have extirpated vice, are, in consequence of their own 
covetousness, become promoters of vice and advocates of the 
devil. 

In this chess game the devil says '' check" whenever he 
insults and strikes one with his dart of sin ; and if he that 
is thus struck cannot immediately deliver himself, the 
devil resuming the move says to him ** mate," carrying his 
soul along with him to prison, from which neither love nor 
money can deliver him, for from hell there is no redemption. 
And as huntsmen have various hoimds for taking various 
beasts^ so the devil and the world have different vices, which 
differently entangle mankind, for aU that is in this world is 
lust of the flesh, lust of the eyes, or proud living." 



ON THE CUSTOM OF THE MAUNDY. 

The reader may probably have noticed, in . Almanacs, 
that the day immediately preceding Good Friday in 
every year is called Maundy Thursday. The old 
customs connected with this day, and still partially ob- 
served, are very curious, and well .worthy of general 
attention at this seiason- of the year. But, before we 
proceed to detail them, it will be proper to state the 
opinions given as to the origin of the term maundy. 

Oiir old writers, about the time of the Reformation, 
apply this word to the commands^ then written <* com" 
maundf,'* of Christ,- which He delivered to his disciples 
on the day before his crucifixion. These commands of our 
Blessed Lord related to the faith and practice of the future 
apostles while upon earth, and of the Christian church 
throughout all ages. - He ordained the Holy Communion 
of His body and blood, to be observed by them and all 
faithful Christians till His second. coming. He washed 
the feet of the disciples, (a common and necessary service 
in the East, which the climate renders desirable to be 
done,) in token of that humility .which it behoved them 
to imitate; and He laid His affectionate injunctions upon 
them, that they should love one another as he had loved 
them. Christ was put to death on the Fridav: the day 
before is thus tenhed " Maundy Thursday, ' as being 
the day of the last commands of our Lord, before the 
fulfilment of those suffeiingrs in His own person, which 
should cleanse us from all sin. 

Following the other authority, we find that Maundy 
Thursday is so named from the maunds, wherein 
were formerly contained gifts, which the king was wont 
to distribute on that day, to a certain number of poor 
persons at Whitehall. The Saxon word '< maud," which 
afterwards became maundy is the name for a haskety 
(French manne^) and by consequence for any gift, or 
offering, contained in the basket. The sort of basket 
just referred to, is an open one with handles.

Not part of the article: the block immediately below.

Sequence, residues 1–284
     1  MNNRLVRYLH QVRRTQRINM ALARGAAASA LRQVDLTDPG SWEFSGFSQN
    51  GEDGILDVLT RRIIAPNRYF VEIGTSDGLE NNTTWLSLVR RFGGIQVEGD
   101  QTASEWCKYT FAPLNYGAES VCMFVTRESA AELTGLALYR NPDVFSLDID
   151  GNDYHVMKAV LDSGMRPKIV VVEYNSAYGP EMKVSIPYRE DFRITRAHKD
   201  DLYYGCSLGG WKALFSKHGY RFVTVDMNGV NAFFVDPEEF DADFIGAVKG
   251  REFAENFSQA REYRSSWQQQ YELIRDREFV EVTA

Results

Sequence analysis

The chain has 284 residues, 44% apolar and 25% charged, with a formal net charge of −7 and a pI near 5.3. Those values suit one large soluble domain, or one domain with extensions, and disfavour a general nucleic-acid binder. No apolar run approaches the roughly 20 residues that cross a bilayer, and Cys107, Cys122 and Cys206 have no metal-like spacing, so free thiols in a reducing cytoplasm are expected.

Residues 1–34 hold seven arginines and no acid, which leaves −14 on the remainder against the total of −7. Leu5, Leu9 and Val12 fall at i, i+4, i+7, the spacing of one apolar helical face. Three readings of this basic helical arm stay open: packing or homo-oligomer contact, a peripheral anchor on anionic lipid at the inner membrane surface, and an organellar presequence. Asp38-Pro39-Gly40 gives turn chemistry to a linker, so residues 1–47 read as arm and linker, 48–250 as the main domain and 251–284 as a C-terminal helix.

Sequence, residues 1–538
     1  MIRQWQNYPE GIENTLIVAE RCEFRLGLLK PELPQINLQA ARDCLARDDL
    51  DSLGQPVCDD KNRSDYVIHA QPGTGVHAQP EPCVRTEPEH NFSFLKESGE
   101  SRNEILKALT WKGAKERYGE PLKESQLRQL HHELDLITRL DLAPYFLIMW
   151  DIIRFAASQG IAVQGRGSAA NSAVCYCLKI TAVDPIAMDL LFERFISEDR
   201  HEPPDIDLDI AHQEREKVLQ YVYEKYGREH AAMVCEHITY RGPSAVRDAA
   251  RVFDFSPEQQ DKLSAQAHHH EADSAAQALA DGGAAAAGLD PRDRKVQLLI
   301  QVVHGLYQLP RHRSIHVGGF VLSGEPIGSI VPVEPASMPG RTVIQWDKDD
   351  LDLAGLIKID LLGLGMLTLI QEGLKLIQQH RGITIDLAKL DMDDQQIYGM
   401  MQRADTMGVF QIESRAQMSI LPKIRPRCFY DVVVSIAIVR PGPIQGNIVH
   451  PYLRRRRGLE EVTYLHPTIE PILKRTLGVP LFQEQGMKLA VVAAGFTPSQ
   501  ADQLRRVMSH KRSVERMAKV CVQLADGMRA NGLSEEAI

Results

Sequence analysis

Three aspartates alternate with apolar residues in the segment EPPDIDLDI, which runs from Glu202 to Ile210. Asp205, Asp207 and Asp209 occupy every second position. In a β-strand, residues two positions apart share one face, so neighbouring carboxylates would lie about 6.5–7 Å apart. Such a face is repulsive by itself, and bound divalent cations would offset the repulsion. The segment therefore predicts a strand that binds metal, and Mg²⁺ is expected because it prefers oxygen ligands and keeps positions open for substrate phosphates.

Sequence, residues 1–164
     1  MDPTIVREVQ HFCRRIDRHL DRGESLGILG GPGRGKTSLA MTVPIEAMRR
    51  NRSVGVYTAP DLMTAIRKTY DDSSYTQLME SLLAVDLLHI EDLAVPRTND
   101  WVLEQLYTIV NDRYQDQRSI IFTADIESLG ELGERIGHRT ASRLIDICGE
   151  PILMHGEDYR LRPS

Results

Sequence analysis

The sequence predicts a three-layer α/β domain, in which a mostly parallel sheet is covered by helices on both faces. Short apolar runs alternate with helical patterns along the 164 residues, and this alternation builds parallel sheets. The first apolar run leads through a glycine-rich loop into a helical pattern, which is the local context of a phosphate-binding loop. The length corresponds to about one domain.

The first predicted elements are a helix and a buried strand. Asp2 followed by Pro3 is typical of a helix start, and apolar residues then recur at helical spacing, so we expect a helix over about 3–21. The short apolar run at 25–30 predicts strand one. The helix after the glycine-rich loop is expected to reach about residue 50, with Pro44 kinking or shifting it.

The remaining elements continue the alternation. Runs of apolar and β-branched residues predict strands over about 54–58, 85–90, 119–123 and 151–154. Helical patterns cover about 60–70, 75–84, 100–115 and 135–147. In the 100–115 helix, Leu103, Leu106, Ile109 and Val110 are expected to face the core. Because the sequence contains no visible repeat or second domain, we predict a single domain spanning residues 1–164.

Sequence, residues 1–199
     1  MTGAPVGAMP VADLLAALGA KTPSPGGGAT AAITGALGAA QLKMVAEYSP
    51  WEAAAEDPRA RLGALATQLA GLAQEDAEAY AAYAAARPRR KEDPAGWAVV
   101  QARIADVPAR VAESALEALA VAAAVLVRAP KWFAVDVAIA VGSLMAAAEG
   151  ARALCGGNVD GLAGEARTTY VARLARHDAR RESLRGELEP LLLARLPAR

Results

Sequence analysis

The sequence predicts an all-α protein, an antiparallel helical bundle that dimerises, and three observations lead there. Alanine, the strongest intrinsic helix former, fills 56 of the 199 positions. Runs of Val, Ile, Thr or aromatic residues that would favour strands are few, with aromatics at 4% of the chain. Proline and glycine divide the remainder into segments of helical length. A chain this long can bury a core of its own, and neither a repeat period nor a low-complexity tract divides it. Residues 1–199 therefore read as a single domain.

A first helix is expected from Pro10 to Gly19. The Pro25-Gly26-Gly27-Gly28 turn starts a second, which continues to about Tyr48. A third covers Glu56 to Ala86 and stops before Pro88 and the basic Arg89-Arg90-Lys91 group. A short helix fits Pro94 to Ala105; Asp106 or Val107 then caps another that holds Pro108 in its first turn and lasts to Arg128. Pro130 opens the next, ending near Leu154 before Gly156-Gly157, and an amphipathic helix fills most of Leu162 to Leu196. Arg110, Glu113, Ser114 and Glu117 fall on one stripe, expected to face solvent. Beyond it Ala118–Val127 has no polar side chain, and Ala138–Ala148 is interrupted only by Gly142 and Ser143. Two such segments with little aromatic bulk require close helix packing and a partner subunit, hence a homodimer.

The day of which we speak was likewise once called 
Shere Thursday, (and by corruption Chare Thursday,) 
because as we are told, in ancient times, " people would 
that day shere theyr hedes and clypp theyr berdes, and so 
make tnem honest agenst Easter-day." In the miracu- 
lous legend of St. Brandon, it is related that he sailed 
with his monks to the Island of Sheep, about the year 
565 A.D. This island, which abounded in sheep, was 
'a«;.491?A>,ip,J*^i «AP^ef^ |m|4^,,;jii^^.^he.,p^ddle,,qf ,thp 
Atlantic Ocean^ near the Equator. Here on "shere' 



134 



THE SATURDAY MAGAZINE. 



[April 3, 



ihumdaye, after souper, he wesshe theyr feet, and kyssed 
them lyke as" our lorde dyd to hi^ dyscyples," 

We propose now to notice several celebrations of the 
Manndy, beginning With the practice of it in the reign 
of h«;r present Majesty, Queen Victoria, and going back 
into previous reigns, as far as our means will allow; 
concluding with notices of foreign observances of this 

day. 

In the Times newspaper of April 16th, 1838, we 
observe the following account of her Majesty's Mailndy 
donations : — 

The Queen's royal alms were distributed on Saturday 
by Mr. Hanbv, at the almonry office, to the Maundy inftft 
and women placed on the supernumerary lists, owing lo the 
difference of the ages between the late king and her present 
Majesty. Both men and women receive 2/. I0»., ana nine- 
teen silver pennies, (being the age of the queen.) Td the 
men, woollen and linen clothing, shoes, and stockings wer^ 
nven ; and to the women, in lieu of clothing, \l, 15^., each. 
The Maundy men and women also received 1/. idtf.,— « 
coram utatioUy instead of the provisions heretofore dis- 
tributed. 

As the foregoing comprises a substantial account of 
the present celebration of the Maundy, we tieed not 
dwell further upon it, except to make a few remarks on 
the silver penny, which is now coined expressly for this 
occasion. 

Before the year 1 672 there was no legitimate copper